Posterior dislocation of the sternoclavicular joint and epiphyseal disruption of the medial clavicle with posterior displacement in sports participants
Authors: J.-M. Laffosse, A. Espié, N. Bonnevialle, P. Mansat, J.-L. Tricoire, P. Bonnevialle, P. Chiron, and J. Puget
References: J Bone Joint Surg Br 2010 92-B: 103-109.
We retrospectively analysed the clinical results of 30 patients with injuries of the sternoclavicular joint at a minimum of 12 months' follow-up. A closed reduction was attempted in 14 cases. It was successful in only five of ten dislocations, and failed in all four epiphyseal disruptions. A total of 25 patients underwent surgical reduction, in 18 cases in conjunction with a stabilisation procedure.
At a mean follow-up of 60 months, four patients were lost to follow-up. The functional results in the remainder were satisfactory, and 18 patients were able to resume their usual sports activity at the same level. There was no statistically significant difference between epiphyseal disruption and sternoclavicular dislocation (p > 0.05), but the functional scores (Simple Shoulder Test, Disability of Arm, Shoulder, Hand, and Constant scores) were better when an associated stabilisation procedure had been performed rather than reduction alone (p = 0.05, p = 0.04 and p = 0.07, respectively).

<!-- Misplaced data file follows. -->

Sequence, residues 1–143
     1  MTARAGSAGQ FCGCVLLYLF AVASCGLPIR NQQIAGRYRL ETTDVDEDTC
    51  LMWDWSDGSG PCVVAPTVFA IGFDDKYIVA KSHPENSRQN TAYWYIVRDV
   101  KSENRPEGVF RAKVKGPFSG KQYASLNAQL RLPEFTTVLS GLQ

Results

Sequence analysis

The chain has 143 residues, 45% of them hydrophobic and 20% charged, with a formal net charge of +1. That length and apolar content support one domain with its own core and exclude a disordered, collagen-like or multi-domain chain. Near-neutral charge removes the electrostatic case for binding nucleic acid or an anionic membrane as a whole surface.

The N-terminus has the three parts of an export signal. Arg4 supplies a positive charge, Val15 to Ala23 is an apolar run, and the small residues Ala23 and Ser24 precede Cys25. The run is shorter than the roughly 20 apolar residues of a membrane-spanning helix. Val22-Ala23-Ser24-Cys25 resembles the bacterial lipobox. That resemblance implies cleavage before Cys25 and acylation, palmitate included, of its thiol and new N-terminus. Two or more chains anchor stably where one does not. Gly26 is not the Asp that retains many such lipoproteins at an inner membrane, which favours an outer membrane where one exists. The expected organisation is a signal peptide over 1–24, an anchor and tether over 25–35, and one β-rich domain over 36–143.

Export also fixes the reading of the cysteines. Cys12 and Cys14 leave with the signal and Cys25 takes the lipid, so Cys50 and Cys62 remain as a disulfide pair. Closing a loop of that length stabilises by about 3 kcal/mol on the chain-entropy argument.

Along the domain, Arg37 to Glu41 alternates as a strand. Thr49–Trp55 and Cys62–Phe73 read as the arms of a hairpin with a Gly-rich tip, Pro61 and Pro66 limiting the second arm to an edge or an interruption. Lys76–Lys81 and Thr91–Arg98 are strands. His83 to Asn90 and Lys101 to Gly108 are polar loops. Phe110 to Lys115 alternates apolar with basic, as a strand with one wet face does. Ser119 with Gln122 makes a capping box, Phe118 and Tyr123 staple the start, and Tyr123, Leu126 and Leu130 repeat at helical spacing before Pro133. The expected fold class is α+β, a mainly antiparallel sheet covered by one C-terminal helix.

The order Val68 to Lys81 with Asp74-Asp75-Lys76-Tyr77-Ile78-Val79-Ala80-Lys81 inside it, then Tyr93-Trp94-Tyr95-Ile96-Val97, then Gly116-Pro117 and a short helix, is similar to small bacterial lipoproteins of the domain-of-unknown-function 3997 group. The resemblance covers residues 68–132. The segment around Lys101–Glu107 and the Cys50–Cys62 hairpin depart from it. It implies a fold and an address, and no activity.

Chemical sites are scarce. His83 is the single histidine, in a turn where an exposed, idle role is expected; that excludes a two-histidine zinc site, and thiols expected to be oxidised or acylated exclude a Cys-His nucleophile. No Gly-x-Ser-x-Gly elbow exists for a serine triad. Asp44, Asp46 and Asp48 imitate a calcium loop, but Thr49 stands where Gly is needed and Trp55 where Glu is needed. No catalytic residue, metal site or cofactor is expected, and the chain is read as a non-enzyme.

We recommend meticulous pre-operative clinical assessment with CT scans. In sternoclavicular dislocation managed within the first 48 hours and with no sign of mediastinal complication, a closed reduction can be attempted, although this was unsuccessful in half of our cases. A control CT scan is mandatory. In all other cases, and particularly if epiphyseal disruption is suspected, we recommend open reduction with a stabilisation procedure by costaclavicular cerclage or tenodesis. The use of a Kirschner wire should be avoided.